Governor Steve Bullock today issued an amendatory veto to House Bill 83, adding language that will allow counties to conduct the special Congressional election, scheduled for May 25, by an automatic absentee mailing.
“We can and should help more people participate in our democracy by streamlining government and saving taxpayers’ money,” said Governor Bullock during a press conference. “I take seriously my responsibility to strengthen our democracy by helping make sure that more eligible citizens can participate in that democracy – not fewer. And what is better for democracy than to put a ballot in the hands of every registered voter?”
If the amendatory veto is upheld by the Legislature, every voter will be mailed an absentee ballot for the May 25 election. A mail ballot election is projected to save counties $750,000 and alleviate the difficulties of finding physical locations for precincts, a challenge created by the fact that this election is taking place at an unusual time.
Governor Bullock announced the amendatory veto during a press conference held today and asked the Legislature to accept the amendatory veto as soon as possible to best prepare county clerk and records for the special election. He also expressed his disappointment in the opposition to Senator Fitzpatrick’s mail ballot bill that failed earlier, Senate Bill 305, that it might benefit one party over the other.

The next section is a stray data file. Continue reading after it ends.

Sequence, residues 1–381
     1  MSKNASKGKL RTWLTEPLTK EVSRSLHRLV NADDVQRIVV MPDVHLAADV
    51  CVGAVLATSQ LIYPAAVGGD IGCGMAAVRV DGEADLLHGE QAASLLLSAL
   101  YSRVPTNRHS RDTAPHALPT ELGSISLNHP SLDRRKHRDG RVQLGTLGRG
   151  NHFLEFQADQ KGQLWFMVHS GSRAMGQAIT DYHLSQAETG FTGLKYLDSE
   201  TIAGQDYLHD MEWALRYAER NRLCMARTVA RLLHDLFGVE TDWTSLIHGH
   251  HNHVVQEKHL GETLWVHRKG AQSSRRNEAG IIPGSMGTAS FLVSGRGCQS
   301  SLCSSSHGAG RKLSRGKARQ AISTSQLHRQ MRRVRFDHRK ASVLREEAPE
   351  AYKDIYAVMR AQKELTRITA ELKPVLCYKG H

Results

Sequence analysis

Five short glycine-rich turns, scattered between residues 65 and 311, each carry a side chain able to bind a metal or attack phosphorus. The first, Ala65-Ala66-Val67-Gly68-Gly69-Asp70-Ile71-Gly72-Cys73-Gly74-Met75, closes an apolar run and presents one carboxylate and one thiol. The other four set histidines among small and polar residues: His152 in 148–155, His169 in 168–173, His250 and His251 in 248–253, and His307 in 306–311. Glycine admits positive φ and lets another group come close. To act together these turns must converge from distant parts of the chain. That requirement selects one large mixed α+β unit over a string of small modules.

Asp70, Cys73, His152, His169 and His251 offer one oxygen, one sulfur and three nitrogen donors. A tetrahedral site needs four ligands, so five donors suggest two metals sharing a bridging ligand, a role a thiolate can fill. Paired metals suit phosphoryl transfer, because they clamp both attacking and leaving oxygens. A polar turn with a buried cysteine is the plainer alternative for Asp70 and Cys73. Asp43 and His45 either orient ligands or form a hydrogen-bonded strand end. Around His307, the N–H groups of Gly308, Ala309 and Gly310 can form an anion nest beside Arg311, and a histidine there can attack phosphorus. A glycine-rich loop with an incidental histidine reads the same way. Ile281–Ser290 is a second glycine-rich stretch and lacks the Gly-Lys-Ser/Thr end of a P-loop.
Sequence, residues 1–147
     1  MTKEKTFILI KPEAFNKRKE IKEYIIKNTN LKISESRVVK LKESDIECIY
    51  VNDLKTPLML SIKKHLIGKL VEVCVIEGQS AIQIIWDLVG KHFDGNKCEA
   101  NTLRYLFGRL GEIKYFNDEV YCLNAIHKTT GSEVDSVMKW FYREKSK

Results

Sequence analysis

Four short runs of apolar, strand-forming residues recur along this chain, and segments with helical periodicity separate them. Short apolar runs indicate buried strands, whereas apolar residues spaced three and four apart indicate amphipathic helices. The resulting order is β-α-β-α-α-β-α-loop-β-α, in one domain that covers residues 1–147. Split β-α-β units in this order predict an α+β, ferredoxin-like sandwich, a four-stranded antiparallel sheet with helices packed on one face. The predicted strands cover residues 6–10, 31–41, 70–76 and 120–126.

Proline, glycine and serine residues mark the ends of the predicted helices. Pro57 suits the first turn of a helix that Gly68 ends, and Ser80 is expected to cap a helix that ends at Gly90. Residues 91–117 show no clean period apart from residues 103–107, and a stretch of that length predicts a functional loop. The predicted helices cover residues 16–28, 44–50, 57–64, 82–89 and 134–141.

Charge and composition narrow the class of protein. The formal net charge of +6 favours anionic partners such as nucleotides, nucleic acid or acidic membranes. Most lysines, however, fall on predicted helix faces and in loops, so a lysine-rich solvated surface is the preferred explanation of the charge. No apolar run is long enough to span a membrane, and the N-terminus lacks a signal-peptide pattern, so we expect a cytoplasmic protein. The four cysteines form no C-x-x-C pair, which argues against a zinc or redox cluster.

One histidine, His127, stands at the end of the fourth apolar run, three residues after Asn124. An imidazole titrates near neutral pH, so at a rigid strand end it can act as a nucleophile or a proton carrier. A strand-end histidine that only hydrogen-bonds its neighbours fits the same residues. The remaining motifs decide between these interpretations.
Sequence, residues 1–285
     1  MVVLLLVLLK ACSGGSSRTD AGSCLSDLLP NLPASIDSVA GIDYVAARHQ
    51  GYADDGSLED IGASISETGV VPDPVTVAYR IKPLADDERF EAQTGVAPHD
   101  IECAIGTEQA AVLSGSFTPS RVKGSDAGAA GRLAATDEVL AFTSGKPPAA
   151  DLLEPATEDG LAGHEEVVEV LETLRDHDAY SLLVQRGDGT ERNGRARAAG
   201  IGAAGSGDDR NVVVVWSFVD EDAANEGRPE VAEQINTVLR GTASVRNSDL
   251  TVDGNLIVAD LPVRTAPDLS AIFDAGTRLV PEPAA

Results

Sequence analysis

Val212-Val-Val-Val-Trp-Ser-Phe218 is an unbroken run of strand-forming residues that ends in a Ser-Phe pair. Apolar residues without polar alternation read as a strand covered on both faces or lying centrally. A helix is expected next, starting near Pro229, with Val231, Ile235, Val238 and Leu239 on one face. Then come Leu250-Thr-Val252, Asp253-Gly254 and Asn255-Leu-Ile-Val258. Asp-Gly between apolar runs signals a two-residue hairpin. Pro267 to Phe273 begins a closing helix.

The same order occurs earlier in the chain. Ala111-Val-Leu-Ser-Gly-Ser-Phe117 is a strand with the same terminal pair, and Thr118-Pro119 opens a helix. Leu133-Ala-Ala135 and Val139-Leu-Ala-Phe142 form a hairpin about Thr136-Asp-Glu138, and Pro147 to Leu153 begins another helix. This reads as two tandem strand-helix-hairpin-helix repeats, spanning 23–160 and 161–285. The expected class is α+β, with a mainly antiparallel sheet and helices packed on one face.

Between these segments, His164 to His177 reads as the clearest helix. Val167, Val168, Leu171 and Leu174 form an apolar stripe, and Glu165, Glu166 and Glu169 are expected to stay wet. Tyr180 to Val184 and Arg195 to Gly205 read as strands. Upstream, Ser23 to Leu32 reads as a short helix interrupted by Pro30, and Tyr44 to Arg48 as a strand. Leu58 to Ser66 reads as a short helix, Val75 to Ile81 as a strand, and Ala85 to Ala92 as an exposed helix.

“The right to vote, indeed the obligation as a citizen to vote, has no basis in partisan politics,” Governor Bullock said. “It is a sacred right, born in our Constitution. And to sully it by intentionally trying to keep people away from voting takes the deepest kind of cynicism. At its core, it is un-American.”
The amendatory veto also gives voters the opportunity to vote in person on election day or during the 29 days prior at the central election office for the county or any satellite office established by any county. Certain populations requiring special attention, such as handicapped voters, will receive appropriate in-person polling accommodations.
American Indians, under a Secretary of State’s directive issued in 2014 and still in force, will be able to vote at satellite offices located centrally on their reservations. And all counties may open additional satellite offices, and polling locations, where needed or appropriate to serve rural populations.